Music Q&A: The Sons of Pitches

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Founded when they were students at Birmingham University, the Sons of Pitches are adding an electronic twist to their traditional a cappella sound. With their first full UK tour just behind them, they’re editing and producing their first album

Tell us a bit about your sound and your influences.
As an a cappella group we have a fairly individual sound because we don’t use any instruments. Every sound you hear is made by the human voice, which allows us to be incredibly experimental in the kind of music we can create – there are fewer limitations. We like to play around with different genres and styles. As far as influences go it’s a huge mixed bag. We come from various musical backgrounds ranging from musical theatre and rock groups to church bands. There are of course some largely successful a cappella outfits out there like Pentatonix or the Swingle Singers, who we look up to a lot.

How have you evolved as a band over the years?
The Sons of Pitches have come a long was since we started at the University of Birmingham five years ago. We started off as a much more traditional a cappella group but since then we’ve embraced a more electronic-sounding style – attempting to closely imitate tunes that you’d hear on the radio. We’ve moved away from the “dum dum dum” and the “la la la” and instead tried to closely copy the sound of synthesisers and hip-hop beats.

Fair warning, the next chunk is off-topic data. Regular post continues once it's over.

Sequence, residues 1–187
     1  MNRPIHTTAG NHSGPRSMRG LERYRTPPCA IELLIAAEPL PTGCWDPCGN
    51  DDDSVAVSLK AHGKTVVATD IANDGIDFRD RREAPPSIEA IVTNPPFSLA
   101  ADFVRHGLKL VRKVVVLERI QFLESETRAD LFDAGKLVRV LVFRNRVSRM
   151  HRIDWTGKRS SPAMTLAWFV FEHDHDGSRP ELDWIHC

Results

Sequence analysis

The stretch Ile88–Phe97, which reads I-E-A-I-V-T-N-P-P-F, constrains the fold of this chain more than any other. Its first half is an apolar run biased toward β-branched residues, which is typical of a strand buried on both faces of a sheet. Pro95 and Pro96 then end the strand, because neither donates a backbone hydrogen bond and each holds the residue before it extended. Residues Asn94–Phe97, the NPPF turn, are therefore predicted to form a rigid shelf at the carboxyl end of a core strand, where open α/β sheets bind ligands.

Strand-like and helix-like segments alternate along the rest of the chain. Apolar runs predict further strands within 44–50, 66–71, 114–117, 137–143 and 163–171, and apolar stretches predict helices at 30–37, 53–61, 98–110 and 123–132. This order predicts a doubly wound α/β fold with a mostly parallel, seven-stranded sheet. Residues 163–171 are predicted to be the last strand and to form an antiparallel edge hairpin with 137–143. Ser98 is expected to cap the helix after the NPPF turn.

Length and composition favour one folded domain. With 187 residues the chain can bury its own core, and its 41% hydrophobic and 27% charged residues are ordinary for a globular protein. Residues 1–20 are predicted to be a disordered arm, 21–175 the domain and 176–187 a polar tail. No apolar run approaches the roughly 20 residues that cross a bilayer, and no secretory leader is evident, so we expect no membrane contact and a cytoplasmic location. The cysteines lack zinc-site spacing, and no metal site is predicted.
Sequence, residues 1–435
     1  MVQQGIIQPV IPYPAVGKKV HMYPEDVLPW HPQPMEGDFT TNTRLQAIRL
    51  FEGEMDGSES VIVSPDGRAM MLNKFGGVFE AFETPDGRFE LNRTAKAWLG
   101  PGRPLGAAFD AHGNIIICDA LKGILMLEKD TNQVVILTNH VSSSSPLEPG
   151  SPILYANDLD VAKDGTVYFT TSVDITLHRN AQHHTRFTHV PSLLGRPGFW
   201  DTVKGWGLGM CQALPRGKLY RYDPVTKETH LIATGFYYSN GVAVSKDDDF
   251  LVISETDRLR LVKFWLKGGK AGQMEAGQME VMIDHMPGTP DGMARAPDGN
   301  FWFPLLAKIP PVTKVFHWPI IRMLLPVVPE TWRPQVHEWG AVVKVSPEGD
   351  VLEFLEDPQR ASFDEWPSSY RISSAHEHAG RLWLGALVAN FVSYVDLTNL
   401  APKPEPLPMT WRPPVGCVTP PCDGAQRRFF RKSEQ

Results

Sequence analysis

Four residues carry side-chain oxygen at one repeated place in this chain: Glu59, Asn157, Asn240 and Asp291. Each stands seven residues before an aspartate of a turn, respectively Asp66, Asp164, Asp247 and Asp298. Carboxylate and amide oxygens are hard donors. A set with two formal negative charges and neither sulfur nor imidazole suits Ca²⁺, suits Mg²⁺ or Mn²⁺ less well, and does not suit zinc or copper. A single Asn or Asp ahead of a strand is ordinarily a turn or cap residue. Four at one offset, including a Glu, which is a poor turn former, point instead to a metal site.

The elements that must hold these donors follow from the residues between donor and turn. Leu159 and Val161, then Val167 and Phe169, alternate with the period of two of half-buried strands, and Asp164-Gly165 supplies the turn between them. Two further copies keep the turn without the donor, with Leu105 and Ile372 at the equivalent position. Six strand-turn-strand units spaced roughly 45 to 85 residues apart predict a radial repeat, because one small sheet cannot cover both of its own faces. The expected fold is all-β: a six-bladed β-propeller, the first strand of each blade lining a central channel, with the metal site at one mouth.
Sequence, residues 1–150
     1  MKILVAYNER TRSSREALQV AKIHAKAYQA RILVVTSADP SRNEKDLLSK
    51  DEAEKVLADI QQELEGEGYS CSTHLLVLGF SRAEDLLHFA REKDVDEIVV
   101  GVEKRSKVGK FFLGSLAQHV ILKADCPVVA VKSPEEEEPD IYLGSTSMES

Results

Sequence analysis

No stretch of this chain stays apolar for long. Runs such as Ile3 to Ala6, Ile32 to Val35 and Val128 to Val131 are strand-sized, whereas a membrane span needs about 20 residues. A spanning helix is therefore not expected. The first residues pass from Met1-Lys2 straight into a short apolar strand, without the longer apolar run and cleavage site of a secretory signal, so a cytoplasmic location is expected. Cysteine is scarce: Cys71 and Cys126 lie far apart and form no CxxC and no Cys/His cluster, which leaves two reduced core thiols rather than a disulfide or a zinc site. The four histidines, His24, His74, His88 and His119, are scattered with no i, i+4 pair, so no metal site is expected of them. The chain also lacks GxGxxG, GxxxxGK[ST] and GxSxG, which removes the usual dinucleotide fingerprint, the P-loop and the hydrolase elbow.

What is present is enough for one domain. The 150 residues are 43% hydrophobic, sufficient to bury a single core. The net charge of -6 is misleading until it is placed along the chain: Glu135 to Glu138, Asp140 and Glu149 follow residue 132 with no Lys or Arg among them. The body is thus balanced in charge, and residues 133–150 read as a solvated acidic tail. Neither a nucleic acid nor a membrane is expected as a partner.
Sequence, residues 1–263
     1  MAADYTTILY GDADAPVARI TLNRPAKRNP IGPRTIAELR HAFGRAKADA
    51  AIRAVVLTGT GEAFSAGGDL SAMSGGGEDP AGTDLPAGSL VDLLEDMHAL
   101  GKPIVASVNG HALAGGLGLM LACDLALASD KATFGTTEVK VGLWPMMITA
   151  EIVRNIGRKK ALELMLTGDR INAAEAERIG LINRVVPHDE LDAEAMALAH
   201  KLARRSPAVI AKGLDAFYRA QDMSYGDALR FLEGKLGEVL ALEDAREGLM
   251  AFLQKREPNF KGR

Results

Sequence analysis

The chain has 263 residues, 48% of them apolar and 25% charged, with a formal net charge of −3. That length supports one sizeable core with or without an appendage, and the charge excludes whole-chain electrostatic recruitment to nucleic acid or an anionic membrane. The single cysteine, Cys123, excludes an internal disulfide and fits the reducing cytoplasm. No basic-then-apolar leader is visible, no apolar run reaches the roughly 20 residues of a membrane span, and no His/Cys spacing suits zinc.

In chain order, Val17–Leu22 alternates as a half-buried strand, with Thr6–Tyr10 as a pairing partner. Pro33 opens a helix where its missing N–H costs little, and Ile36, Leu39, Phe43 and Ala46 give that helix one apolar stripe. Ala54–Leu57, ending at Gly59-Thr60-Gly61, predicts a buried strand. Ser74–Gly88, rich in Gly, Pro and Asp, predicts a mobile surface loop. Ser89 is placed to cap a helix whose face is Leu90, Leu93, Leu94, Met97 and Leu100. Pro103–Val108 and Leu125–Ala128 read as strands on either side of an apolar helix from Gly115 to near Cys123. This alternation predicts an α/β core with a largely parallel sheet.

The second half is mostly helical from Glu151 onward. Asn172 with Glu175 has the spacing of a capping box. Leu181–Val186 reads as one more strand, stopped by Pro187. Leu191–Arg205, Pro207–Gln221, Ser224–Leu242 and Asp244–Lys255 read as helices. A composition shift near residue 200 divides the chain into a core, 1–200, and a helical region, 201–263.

Were there any alternative band names before you arrived at this one?
A lot of people ask us about our name and how we arrived at it. The current line-up actually inherited the Sons of Pitches from some guys who used to be in the group – university a cappella groups have rotating members with people finishing their degrees. We’re happy with the name though. It always gets a giggle when we say who we are.

What are you up to at the moment artistically?
We’ve just finished our first UK tour, which we had an absolute blast doing, and we have our first ever full length album recorded. We’re in the editing and producing process for that, which is really exciting. Next up we’ll be preparing for our next tour in November. That means more songwriting and planning.

How do you stand out from the crowd in a saturated industry?

We’re fully aware that being in an a cappella group is quite a novelty in the music industry, so we definitely try to make the most of that. Our live shows are all about entertainment as well as the music so we try to market ourselves as more than just a group of five singers and a beatboxer.

What’s on your rider?
We always ask for plenty of water – being hydrated is incredibly important when all we have to rely on is our voices. Apart from that, just some sandwiches, crisps and a few beers.

Tell us about your worst live show.
We’ve been so lucky so far to not have any terrible live shows. We did have one tour date though on our recent tour where our microphones cut out three or four times. One of the boys ended up having to stop everything and just chat to the audience for about five minutes. Needless to say it was fairly awkward – the crowd weren’t paying for a live Q&A session.

Antonia Charlesworth

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